It wasn’t until 1579, almost 40 years later, when Francis Drake, sailing for the English went up and down the California coast (somehow missing San Diego), that Spain started to send more expeditions. A number of other ships over the years thereafter sailed north to California, but all seemed to glide right past Cabrillo’s San Miguel–maybe it was dark? By 1602 the Spanish had gotten serious about claiming California and outfitted Sebastian Vizcaino with a well-stocked expedition of 3 ships and a mission to accurately chart all bays, coves, and points of land, and name those that hadn’t already been named. Whether he knew much about Cabrillo’s earlier voyage is not clear, but, 60 years after Cabrillo, he (re)discovered a bay “which ought to be the finest in the entire South Sea…” Impressed with the availability of fresh water, abundant fish, and small game, he went about sounding the depths of the bay and even had a small structure constructed. Since his flagship was named San Diego, and the next feast day was that of San Diego de Alcala, he so named the bay.
Of course that raises the question, “Who was this San Diego de Alcala?” I did hear you ask that, right? Now Diego is usually translated as James, so you might assume he’s St. James the Apostle who is actually the patron saint of Spain. Yes, even countries have patron saints. It’s a Catholic thing. You would be wrong, however. San Diego de Alcala was a Franciscan lay brother who was renowned for being able to cure the sick. He died in 1463, but was not buried. His body never went into rigor mortis and never decayed, and yes, they really say this, continued to emit a pleasant odor. Apparently that was one of his things in life. When he cured the sick, they reported smelling good! Given the bathing habits of the day, that was probably almost as much a miracle as curing someone. So the local Franciscans built a little chapel in his hometown where they left his body on display.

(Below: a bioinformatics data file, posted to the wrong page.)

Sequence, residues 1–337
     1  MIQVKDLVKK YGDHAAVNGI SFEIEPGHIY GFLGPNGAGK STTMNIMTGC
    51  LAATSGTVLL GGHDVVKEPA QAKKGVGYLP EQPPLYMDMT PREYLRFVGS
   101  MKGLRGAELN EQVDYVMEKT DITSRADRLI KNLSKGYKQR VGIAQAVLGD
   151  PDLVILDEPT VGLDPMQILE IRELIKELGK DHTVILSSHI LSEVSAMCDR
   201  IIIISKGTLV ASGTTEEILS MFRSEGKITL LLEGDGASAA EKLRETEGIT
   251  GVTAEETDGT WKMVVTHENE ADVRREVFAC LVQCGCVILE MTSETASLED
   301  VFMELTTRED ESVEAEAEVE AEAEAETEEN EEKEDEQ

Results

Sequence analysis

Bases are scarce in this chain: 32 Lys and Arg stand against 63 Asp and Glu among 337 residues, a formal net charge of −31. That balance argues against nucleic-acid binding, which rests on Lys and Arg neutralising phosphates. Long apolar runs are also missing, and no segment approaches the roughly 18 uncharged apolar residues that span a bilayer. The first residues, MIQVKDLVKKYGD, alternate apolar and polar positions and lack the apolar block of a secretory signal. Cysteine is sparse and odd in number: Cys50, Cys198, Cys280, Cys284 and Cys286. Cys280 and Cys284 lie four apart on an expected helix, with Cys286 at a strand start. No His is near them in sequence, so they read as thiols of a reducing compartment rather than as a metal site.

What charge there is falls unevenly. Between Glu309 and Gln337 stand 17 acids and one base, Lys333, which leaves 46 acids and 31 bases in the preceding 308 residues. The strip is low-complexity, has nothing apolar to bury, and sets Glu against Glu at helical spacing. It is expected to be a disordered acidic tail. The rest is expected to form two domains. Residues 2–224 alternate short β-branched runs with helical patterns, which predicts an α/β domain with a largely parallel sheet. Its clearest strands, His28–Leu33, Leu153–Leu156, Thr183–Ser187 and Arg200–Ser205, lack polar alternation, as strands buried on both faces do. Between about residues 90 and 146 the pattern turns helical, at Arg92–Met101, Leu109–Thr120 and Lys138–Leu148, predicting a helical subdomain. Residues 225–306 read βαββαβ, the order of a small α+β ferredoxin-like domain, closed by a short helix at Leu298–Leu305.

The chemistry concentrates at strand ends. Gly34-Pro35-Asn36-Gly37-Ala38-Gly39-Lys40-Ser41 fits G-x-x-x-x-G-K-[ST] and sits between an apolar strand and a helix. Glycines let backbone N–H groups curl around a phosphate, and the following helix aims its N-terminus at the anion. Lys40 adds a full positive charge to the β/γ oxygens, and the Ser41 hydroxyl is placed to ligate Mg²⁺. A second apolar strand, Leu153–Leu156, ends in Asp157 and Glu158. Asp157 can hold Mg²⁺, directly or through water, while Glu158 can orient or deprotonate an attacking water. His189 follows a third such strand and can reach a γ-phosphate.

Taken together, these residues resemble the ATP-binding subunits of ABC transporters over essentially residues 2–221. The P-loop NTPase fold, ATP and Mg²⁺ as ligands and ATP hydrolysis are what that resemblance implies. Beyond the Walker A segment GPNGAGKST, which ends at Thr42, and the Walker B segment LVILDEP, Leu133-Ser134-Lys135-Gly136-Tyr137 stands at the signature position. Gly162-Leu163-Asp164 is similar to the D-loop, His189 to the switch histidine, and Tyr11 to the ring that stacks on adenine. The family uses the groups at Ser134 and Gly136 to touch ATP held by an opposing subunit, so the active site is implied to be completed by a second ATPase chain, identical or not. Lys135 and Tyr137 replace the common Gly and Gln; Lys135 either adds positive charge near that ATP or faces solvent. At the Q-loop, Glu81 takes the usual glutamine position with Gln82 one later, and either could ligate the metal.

Wait, it gets better. King Henry IV of Castille broke his arm on a hunting trip nearby and went to pray to the dead but saintly friar for a cure. The obliging monks took the saint out of his casket and placed Henry’s arm on the body. Henry was immediately healed (and apparently smelled good).
Many years later in 1562, the wayward son of King Phillip II was wandering back in the dark from some debauchery nearby and fell down a flight of stairs, landing on his head, causing paralysis, a literal swollen head, and eventually a coma. The monks came to the rescue of course and threw the saint’s body in bed with the heir apparent, and he was cured (and smelled good). That seemed enough for Pope Sixtus V, who canonized the saint in 1588. However, the Pope seemingly didn’t want to confuse anybody since there was already a St. James, so he canonized him as St. Didacus. Whoever came up with the name made the dubious claim it was an obscure Latin version of James. You gonna’ argue with the Pope? Didn’t think so.
So now if you visit the Mission de Alcala in Mission Valley, and someone tells you it’s named after St. Didacus, the patron saint of San Diego, you don’t have to look at him crosswise. Just smile (and smell good).